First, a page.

(June 24)There are still many questions as to how the U.S. destroyer, the USS Fitzgerald managed to be hit by the bow of a cargo vessel off the Japan coast.
|The collision was deadly for the crew of the destroyer as seven sailors were killed and other crew members were injured.|
There should have been lookouts on watch on the port, starboard and stern of the destroyer Fitzgerald — sailors scanning the horizon with binoculars and reporting by headsets to the destroyer’s bridge. At 1:30 a.m. last Saturday, off the coast of Japan south of Tokyo, they could hardly have failed to see the 730-foot freighter ACX Crystal, stacked with more than 1,000 containers, as it closed in.
An analysis of that data by the private data analytics company Savi shows that the Crystal slowed down after the collision but continued sailing on its course for about 36 minutes, at which point it turned around and headed back to the collision site. The crash was officially reported at 2:20 a.m. local time, nearly an hour after the fact.Steffan Warkins, an information technology security consultant says that this shows that the ship must have been on autopilot when the crash happened. The Crystal radioed the Japanese Coast Guard almost half an hour after the accident showing that nobody was on the bridge at the time of the accident. However, one would think that at least some of the 20 crew members would be wakened by the force of the collision.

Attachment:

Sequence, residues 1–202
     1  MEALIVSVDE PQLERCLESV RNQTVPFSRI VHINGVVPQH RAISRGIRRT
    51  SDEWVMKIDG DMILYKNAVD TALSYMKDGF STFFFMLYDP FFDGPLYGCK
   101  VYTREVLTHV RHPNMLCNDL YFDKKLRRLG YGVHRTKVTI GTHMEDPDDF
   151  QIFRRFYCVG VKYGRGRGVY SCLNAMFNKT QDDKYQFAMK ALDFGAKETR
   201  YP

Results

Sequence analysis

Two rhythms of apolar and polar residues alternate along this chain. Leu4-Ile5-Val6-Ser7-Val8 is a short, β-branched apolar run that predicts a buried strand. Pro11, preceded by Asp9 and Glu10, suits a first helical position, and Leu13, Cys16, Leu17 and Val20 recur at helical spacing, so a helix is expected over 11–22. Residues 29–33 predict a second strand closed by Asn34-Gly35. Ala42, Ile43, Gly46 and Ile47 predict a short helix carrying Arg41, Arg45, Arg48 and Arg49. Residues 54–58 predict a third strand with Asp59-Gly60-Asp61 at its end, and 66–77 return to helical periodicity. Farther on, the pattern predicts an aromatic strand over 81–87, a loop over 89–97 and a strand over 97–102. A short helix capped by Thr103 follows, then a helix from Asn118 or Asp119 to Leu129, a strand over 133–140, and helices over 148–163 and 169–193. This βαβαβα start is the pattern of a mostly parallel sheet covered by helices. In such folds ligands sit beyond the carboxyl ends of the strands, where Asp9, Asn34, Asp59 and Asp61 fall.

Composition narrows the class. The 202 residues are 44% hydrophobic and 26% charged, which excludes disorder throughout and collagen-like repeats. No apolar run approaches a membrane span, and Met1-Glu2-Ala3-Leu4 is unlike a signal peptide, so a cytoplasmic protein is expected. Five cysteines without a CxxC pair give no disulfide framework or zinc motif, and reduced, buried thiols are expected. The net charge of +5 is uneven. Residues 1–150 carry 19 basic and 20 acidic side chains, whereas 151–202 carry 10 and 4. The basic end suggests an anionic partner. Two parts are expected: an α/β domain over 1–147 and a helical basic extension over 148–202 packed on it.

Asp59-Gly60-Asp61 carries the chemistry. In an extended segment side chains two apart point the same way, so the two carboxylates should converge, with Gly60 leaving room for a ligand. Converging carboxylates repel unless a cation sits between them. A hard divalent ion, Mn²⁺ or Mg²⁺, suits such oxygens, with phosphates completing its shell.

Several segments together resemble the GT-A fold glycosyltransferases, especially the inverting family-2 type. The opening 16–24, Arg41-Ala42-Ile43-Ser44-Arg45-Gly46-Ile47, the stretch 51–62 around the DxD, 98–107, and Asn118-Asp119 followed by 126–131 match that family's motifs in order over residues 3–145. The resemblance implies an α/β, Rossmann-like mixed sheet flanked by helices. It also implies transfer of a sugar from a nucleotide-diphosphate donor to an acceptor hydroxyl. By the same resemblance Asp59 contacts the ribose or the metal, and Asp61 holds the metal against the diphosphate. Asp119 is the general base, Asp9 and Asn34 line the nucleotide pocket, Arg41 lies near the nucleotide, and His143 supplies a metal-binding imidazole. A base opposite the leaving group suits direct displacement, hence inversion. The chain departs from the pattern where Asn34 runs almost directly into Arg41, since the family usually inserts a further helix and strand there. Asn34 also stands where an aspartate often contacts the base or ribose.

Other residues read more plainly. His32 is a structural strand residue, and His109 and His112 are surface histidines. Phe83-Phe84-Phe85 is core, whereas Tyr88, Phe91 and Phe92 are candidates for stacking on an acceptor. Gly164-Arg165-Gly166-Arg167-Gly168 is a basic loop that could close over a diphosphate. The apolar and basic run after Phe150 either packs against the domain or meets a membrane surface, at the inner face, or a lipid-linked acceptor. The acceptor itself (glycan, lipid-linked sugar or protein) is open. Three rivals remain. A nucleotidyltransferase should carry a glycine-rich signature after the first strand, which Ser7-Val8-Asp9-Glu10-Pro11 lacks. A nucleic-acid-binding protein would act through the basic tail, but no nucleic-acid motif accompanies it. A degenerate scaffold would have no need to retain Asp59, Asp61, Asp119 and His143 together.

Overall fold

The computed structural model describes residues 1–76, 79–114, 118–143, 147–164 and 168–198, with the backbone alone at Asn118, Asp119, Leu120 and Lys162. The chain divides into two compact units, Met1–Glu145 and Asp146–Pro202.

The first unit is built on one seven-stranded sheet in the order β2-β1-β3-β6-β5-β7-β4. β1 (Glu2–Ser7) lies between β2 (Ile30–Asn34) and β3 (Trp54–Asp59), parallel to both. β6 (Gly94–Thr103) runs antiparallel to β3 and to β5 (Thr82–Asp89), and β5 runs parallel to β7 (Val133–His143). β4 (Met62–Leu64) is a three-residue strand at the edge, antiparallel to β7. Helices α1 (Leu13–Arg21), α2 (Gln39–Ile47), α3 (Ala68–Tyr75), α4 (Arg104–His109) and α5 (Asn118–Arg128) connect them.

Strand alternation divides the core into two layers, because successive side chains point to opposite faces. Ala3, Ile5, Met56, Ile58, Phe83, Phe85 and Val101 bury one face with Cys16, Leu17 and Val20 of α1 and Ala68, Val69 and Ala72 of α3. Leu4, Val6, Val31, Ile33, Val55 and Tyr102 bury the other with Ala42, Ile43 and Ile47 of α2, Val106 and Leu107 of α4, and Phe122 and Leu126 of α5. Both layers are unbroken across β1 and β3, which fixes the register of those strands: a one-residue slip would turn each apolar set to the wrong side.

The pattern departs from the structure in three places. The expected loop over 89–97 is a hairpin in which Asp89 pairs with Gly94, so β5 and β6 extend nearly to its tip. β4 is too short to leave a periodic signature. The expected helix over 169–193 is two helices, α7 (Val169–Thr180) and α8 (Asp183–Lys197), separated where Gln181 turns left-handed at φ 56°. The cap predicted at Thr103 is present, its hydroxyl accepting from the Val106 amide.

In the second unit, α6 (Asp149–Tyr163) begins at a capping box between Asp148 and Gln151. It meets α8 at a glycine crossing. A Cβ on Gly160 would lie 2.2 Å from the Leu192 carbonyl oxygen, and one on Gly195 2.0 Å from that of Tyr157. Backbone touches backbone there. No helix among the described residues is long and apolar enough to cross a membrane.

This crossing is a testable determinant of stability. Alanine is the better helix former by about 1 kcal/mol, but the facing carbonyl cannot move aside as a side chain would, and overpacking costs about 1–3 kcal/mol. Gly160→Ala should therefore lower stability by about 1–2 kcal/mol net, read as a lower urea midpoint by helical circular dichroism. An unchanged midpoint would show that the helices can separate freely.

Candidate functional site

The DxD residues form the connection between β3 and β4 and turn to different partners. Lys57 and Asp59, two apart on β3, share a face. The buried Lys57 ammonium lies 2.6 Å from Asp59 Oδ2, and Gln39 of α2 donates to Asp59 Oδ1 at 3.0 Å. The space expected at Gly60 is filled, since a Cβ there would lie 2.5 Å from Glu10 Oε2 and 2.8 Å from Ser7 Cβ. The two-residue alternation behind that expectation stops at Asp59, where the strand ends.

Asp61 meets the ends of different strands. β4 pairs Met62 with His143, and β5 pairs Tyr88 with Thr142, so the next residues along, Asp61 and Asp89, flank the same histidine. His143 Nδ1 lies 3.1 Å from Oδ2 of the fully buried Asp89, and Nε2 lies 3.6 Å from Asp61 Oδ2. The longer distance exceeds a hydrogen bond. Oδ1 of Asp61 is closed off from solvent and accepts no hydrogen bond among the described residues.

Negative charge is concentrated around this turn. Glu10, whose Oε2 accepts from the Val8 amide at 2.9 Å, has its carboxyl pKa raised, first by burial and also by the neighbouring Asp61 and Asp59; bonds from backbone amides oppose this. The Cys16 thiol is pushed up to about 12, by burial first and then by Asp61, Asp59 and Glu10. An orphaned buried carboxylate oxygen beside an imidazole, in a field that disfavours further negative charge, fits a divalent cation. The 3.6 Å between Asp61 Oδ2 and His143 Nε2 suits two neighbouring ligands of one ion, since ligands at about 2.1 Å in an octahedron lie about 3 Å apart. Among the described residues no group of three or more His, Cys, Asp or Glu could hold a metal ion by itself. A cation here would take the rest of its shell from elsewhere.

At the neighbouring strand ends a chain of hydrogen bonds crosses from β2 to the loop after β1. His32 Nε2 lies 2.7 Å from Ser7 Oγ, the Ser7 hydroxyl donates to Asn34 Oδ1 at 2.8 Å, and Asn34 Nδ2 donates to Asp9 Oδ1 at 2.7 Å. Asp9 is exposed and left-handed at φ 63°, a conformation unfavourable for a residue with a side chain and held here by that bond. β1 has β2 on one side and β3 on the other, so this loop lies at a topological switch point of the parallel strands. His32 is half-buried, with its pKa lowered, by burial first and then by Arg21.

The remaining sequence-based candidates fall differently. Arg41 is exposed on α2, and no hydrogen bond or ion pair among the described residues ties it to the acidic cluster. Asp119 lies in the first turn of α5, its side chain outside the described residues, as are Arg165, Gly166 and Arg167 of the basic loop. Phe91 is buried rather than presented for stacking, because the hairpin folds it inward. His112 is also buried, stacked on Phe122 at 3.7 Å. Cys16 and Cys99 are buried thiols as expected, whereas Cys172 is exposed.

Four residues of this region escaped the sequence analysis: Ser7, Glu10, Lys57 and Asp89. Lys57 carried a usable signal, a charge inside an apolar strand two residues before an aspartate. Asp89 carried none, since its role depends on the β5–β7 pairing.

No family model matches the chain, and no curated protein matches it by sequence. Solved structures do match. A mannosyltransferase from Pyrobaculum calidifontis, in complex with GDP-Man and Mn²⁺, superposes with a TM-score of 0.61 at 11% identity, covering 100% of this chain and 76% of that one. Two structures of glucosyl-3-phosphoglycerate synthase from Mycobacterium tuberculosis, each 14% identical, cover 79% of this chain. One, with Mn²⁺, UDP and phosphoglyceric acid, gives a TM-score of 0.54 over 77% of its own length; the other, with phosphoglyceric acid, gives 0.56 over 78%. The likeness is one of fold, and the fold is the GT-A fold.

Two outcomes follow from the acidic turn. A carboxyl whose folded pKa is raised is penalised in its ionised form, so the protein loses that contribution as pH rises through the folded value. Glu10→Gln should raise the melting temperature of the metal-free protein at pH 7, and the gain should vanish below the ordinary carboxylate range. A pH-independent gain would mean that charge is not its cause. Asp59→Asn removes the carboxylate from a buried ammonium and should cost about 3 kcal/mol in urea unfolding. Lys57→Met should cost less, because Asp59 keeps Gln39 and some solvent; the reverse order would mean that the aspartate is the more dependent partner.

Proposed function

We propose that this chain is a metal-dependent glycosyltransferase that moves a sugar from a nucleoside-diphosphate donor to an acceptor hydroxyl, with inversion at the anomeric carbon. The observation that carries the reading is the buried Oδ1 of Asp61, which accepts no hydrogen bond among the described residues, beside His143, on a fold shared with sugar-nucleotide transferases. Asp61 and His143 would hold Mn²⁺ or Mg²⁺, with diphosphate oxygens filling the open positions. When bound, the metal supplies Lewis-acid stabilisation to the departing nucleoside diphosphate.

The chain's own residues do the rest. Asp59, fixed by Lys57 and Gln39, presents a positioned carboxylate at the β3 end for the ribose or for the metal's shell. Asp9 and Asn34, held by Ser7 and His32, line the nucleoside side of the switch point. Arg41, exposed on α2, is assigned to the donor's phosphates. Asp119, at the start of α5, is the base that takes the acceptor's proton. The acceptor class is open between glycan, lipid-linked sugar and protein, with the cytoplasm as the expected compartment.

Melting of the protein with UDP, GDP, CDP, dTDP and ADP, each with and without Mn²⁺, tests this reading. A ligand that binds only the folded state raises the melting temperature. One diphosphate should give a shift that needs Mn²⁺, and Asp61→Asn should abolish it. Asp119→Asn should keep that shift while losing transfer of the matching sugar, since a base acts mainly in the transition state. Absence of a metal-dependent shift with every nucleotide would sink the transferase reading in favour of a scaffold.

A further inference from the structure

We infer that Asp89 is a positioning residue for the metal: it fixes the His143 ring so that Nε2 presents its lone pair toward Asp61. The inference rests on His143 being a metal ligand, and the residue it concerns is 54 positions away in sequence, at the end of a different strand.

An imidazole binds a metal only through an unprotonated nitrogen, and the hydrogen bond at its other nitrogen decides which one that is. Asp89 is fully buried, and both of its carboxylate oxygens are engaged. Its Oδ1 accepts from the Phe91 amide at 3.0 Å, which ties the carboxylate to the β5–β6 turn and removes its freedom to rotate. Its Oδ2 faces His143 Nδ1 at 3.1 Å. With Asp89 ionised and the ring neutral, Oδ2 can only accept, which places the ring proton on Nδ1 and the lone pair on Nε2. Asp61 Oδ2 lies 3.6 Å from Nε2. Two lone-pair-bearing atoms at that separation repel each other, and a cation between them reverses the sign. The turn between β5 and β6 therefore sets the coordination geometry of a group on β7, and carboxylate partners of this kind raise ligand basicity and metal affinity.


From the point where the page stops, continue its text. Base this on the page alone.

UPDATE| Another article with further information can be read here.